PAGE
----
Then Elizabeth starts to do something useful: She wants to get Jess’ expulsion from SVU revoked. She and Nina (who has temporarily moved into the twins’ dorm room because Liz is lonely, and because Nina needs something to do) decide to use the angle that Jess is suffering from a mental-health disorder and should be protected by the Americans with Disabilities Act. The school should have noticed that something was wrong and done more to help her. Never mind that ELIZABETH didn’t do more to help Jess. Also, they didn’t give her a fair expulsion hearing, which is the only part of this I will go along with.
Liz and Tom once did a story about the ADA, so she goes to him to get their notes. While they’re working together, and actually getting along again, Lila calls (more on that later). Elizabeth thinks Tom is getting ready for a super-special date with a super-special lady, which sets off her poor-me-I’m-so-neglected siren. You broke up, Liz. You were two seconds from having sex with Mike. Chill out.
Armed with what must be pretty flimsy information on the ADA, Elizabeth and Steven come up with a plan. She approaches the dean and threatens to sue the school if Jessica’s situation isn’t reviewed. There’s no resolution in this book, but I think we can all expect Jess to be reinstated at SVU, though hopefully they’ll have her go through an extensive psychological evaluation first.
Meanwhile, Jessica decides that her sedatives are messing with her head, so she stops taking them. Then she decides that since she stopped seeing the angel when she quit the pills, there must be a connection, so she starts taking them again. Then she decides to just take a bunch and take care of the whole situation altogether. She leaves Elizabeth a goodbye message and then starts having weird dreams or visions or something. Elizabeth gets the message and heads back to Sweet Valley.
The angel finds Jessica outside the house, and Jess finally realizes it’s Nick. Yes, friends, Nick faked his death to save his own life, but didn’t tell Jessica because he knew she’d never let him go, and the truth would put her in danger. Somehow this is better for her? Whatever, Nick. He tells her he’s okay, and that he’ll always love her. Fortunately, Elizabeth finds Jessica before the pills kill her, and I assume she’s okay even after overdosing on sedatives. At least now she knows her dead boyfriend isn’t really dead. Hooray, she’s cured!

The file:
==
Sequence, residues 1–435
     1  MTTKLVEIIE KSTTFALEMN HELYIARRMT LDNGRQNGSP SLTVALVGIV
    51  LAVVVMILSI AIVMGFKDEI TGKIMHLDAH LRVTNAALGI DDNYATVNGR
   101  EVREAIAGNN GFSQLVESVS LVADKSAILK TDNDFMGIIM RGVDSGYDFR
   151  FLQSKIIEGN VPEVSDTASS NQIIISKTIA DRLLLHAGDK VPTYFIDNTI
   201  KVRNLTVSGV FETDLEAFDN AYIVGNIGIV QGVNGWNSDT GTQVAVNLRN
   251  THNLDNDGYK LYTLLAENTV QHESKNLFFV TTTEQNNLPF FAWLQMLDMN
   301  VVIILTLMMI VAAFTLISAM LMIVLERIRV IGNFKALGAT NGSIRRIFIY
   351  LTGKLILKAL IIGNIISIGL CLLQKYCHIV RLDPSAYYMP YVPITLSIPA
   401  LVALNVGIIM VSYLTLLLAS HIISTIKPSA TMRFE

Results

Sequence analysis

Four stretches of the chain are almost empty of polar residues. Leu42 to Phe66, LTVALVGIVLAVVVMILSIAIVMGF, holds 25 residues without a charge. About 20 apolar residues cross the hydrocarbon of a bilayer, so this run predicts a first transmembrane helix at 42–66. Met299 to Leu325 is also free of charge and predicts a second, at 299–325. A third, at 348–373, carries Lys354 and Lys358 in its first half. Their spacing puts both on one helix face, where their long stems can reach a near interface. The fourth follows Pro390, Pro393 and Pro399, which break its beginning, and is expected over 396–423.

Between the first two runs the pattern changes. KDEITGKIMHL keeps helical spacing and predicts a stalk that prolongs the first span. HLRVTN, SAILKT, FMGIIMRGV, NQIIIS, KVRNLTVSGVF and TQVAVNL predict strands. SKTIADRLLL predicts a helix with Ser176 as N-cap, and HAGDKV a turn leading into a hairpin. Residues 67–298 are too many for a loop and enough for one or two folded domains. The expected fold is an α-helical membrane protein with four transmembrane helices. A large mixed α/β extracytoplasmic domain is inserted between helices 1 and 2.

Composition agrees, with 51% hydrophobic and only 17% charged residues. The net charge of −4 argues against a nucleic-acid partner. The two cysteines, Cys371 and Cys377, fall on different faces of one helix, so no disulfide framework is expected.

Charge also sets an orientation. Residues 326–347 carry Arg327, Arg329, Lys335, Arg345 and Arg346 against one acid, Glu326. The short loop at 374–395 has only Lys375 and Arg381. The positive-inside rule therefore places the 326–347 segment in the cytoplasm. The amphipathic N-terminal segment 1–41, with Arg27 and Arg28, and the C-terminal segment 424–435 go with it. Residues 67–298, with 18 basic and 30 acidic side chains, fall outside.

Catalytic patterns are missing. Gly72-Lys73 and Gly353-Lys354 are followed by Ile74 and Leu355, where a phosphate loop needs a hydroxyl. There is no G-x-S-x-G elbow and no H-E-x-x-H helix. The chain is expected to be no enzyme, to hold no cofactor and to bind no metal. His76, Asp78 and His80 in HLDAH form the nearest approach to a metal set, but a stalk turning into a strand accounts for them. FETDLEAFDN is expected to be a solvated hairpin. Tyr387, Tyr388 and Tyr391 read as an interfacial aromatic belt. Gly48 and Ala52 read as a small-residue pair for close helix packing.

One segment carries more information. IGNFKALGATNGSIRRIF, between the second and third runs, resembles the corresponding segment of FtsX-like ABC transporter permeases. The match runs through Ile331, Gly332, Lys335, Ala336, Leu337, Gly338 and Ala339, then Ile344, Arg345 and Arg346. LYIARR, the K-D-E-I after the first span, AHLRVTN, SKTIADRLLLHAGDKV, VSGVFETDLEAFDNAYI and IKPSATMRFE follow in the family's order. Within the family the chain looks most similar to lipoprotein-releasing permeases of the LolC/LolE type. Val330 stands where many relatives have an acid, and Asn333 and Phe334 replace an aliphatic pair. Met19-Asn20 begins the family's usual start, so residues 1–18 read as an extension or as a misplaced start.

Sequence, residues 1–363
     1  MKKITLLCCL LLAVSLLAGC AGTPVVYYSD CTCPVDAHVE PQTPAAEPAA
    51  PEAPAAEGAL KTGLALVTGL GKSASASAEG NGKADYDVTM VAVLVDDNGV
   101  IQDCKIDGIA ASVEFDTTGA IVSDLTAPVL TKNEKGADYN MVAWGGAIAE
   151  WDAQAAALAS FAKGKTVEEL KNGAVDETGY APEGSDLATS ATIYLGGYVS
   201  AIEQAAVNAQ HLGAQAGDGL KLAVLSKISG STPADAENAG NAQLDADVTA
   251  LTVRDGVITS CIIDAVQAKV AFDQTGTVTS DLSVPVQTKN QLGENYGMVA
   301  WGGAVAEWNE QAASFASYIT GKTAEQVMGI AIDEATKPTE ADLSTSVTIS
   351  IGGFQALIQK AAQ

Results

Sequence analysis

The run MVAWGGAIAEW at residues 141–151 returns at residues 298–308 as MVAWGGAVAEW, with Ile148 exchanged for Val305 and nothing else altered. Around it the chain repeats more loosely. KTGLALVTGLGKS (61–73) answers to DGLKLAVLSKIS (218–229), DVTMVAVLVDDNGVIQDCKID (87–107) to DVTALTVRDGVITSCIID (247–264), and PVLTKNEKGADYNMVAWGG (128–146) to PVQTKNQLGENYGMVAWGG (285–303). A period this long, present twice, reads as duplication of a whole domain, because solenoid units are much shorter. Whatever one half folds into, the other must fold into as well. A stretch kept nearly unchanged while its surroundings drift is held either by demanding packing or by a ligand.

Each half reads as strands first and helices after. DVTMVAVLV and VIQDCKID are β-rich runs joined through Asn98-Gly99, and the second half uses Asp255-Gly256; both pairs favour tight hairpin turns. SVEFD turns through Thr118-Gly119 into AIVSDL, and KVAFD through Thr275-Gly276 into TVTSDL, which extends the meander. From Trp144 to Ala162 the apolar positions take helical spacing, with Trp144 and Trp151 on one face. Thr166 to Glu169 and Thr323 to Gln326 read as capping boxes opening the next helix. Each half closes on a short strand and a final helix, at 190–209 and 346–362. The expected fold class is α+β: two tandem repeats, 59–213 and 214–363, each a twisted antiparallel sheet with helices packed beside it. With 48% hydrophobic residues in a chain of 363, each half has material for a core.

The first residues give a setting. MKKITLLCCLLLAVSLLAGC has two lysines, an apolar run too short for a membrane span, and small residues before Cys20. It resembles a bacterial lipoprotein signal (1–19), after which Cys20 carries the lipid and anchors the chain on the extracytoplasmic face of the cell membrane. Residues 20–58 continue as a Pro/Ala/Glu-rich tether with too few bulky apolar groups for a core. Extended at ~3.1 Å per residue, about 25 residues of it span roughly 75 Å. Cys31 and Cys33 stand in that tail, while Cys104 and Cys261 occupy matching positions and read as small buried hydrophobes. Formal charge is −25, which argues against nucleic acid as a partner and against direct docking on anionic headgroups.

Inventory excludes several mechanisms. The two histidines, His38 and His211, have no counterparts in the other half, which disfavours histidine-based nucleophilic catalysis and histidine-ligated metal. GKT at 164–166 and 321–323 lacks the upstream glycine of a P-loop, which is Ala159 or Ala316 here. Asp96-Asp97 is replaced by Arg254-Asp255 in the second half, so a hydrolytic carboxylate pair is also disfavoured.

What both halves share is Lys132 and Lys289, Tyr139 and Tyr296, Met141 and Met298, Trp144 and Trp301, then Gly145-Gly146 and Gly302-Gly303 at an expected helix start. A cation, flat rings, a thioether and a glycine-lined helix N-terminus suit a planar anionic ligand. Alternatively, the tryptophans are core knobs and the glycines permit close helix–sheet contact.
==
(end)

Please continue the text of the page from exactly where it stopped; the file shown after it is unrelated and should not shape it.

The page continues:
Danny’s having a really tough time with Isabella gone. He’s getting drunk every night to try to forget her, but it still doesn’t take his mind off of the fact that he might never see her again. Tom thinks he would feel better if he were allowed to talk to Isabella, so he sets out to find out which clinic her parents took her to. He makes some calls, but can’t get any answers, not least because he doesn’t speak German or French. Finally he realizes that Lila might know where Isabella is. But Lila won’t give up the information without a catch: Tom has to come on a double date with her, Bruce, and a prospective student named Chloe Murphy.
Tom reluctantly goes on the date, thinking Chloe will be just like Lila. But Chloe’s not like other girls! She reads the New York Times! She’s interested in things other than clothes and country clubs! Tom really hopes she decides to come to SVU when she finishes high school. Keep it in your pants, Tom.
As for Danny, he calls the clinic, but Isabella’s father won’t let her talk to him, even when Isabella says she wants to. Mr. Ricci thinks everyone at SVU is on drugs, and that Danny’s a bad influence on his daughter. Danny wishes he’d never made the call in the first place. He goes back to drinking, and is offered drugs by a guy at a bar. Even though drugs are what took Isabella away from him in the first place, he contemplates taking some.
Dana starts out the book thinking that she wants to take things slowly with Todd. That doesn’t last long. After a run-in with Elizabeth, who tells Todd that Dana’s a bad choice in girlfriends, Dana throws out her plans, and she and Todd start going at it like bunnies. Then she starts talking about marriage and makes him panic. Oops!
Thoughts: For the record, Prince Albert is still alive.
“It’s macho jerks like Patman who make it harder for the rest of us.” Tom, sweetie, you’re a macho jerk, too.
“That way we can get on with our relationship, and you can get on with being lonely and bitter…or whatever it is you do when you and Tom Watts aren’t busy with your tedious little on-again, off-again love-hate drama.” I have newfound respect for Dana.
Chloe’s taking a feminist-law class, which means she really shouldn’t spend any more time with Tom.
November 3, 2015
Summary: Alice’s parents are coming to visit the Wakefields for ten days. The twins will have to share a room so their grandparents can have Jessica’s, which sounds dumb to me, since we know Jessica’s room is a mess, so why not give them Elizabeth’s? Unless this is Ned and Alice’s way of forcing Jess to clean her room. Except I don’t think they deserve that kind of credit. Anyway, Elizabeth thinks her grandparents are super-old and will have trouble doing things like walking and eating regular food. For the record, Grandma and Grandpa Robertson are in their 60s. Shut up, Elizabeth.